Multi-Tasking in Lectures

The lights go off, we all sit down
the lecturer takes a moment to walk around.

I’m sitting in a lecture on urogenital development,
the guy in front of me is sleeping – clearly doesn’t think it’s relevant.
The professor’s explaining something about the meta-nephros,
I try to recall if I’ve heard it all before but still I’m at a loss.

The student to my right’s playing a game on his new i-phone.
The girl behind me complains about someone she once knew, in a whiny tone.
The lecturer says ‘penis’ and an idiot somewhere laughs.
Been seated long enough for DVTs so I slowly flex my calf.

Half the class tote Apple Macs for no apparent reason.
My feet are freezing cold ‘cos air conditioning knows no season.
Some guy runs out the lecture hall ‘cos he just got a text.
I’m starting to get bored and wonder which class I have next…

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Comparison: Homeless People Vs. Med Students

Rather than wasting this blog just writing rubbish
I’ve decided to step up the quality of the things that I publish
so today I’m going to answer a question plaguing us all:
Do homeless people eat better than those at medical school?

I volunteer at a homeless shelter so that’s my control group.
They don’t eat great but they’re offered things like Vegemite scrolls, soup,
sandwiches, tea, coffee, meat and veg for lunch
and once a week on a Sunday even a cooked brunch.

Lets compare that to some of my colleagues at uni.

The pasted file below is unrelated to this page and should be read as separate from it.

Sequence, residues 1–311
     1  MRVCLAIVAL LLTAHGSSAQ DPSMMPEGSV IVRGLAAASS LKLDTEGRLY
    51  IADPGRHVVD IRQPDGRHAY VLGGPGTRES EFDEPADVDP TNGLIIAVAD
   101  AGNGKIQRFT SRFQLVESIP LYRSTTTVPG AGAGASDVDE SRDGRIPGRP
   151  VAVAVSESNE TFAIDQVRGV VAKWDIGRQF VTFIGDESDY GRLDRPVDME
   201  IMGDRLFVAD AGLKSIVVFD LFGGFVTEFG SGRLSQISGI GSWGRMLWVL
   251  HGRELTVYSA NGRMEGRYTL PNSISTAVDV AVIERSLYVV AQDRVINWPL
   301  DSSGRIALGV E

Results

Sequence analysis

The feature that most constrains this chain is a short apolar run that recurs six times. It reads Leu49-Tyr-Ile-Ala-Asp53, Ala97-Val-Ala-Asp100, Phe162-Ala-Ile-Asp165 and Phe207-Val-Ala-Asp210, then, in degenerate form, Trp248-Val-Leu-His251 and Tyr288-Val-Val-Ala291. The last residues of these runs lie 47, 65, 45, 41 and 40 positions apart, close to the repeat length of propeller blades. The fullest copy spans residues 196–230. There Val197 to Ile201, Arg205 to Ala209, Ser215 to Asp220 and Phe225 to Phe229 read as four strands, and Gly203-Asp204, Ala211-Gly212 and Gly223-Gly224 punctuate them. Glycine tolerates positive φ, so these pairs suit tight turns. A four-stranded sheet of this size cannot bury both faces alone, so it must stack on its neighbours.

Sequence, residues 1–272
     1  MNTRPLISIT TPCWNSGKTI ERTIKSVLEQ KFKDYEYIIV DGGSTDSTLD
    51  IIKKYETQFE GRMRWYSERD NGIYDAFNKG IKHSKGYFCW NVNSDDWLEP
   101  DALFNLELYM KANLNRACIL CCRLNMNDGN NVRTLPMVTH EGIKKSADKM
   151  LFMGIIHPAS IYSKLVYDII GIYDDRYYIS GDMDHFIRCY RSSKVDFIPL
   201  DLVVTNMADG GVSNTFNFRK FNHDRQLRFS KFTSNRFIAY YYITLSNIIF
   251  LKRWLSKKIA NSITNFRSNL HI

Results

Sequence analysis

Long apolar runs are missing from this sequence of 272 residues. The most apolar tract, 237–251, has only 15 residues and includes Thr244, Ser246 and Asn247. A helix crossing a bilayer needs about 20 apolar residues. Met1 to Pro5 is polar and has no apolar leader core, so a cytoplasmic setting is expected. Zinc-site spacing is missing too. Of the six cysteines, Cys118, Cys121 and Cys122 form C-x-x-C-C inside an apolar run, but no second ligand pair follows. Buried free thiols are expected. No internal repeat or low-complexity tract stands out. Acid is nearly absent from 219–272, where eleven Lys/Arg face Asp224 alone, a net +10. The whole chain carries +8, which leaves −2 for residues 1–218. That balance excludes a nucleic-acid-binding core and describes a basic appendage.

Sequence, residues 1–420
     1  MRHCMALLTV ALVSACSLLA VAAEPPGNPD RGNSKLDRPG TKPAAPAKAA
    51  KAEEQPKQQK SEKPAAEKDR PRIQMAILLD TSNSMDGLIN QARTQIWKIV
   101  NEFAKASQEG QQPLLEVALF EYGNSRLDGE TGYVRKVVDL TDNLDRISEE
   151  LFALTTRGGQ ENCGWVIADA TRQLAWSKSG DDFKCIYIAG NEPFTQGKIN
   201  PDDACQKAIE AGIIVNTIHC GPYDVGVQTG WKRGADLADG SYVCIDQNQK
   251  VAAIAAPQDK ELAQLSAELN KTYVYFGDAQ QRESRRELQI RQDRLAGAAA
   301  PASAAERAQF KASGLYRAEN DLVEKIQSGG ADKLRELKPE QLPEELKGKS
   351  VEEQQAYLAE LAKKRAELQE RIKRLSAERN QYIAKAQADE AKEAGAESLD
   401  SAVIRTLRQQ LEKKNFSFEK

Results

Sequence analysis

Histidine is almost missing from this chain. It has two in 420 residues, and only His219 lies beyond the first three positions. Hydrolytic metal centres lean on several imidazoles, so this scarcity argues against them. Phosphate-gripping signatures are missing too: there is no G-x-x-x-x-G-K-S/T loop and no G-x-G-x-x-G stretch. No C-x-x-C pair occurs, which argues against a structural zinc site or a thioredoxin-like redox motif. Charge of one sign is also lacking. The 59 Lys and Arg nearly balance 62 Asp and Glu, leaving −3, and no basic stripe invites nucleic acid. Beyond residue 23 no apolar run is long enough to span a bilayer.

I know a girl who, after some thought, decided to be
a vegetarian. I assumed it was a condition of her religion
but it turned out she just can’t afford meat and uni so that was her decision.

I’ll admit they’re not statistically significant samples
but I’m sure you can extrapolate from these two examples.
I bet it could be proved with the help of linear regression.
I wonder if anyone’s ever considered it as a research question?

Buzz

This post is born purely out of procrastination,
a sign that I’ve succumbed to the temptation
to abandon my essay writing activities
and instead indulge my less productive proclivities
such as writing inane, convoluted blog posts in rhyme.
I had a better post planned but at this time I’m
personally inclined to write about a topic that’s been on my mind
even though it’s probably less interesting than what you’d otherwise find
if I’d stuck to my original intention but as I previously mentioned
I’m writing a long pointless essay on ethics and I’d like to make a contention
that contrary to what my lecturer would like me to believe,
the thing that I think, what’s currently bothering me
is that try as I might I can’t help but perceive
that’s it’s less about ethics than trendy vocabulary.

Now, I have no problem with writing, as you can see,
I could write and write until my hands bleed if need be
but I suspect that those with a point and an ethical mind
will ultimately end up been left far behind
if they fail to tap the sociology marker’s real goldmine
of high BWPL (that’s buzzwords per line).
Fortunately, it’s no issue, with my word making up ability,
ie, this gem: ethnodiscomambubinility
(you could almost believe it’s a real word, right?
No? Well, cut me some slack, I have been up studying all night)

But my point (if I can really be said to have one at all)
is that even though there’s certainly a call
for ethical issues and written expression to get a
more in-depth treatment so tommorow’s doctors communicate better
(preferably, but not necessarily, in rhyming stanzas)
I still have to wonder, is this really our best answer?

Acknowledgement of Body Donors

Where do corpses come from? There’s a question to ask yourself.
They aren’t prepackaged to be purchased off a supermarket shelf.
No, our materials for gross anatomy and physiology
are donated by those who at death reach for the apogee
attainable through one final act of generosity.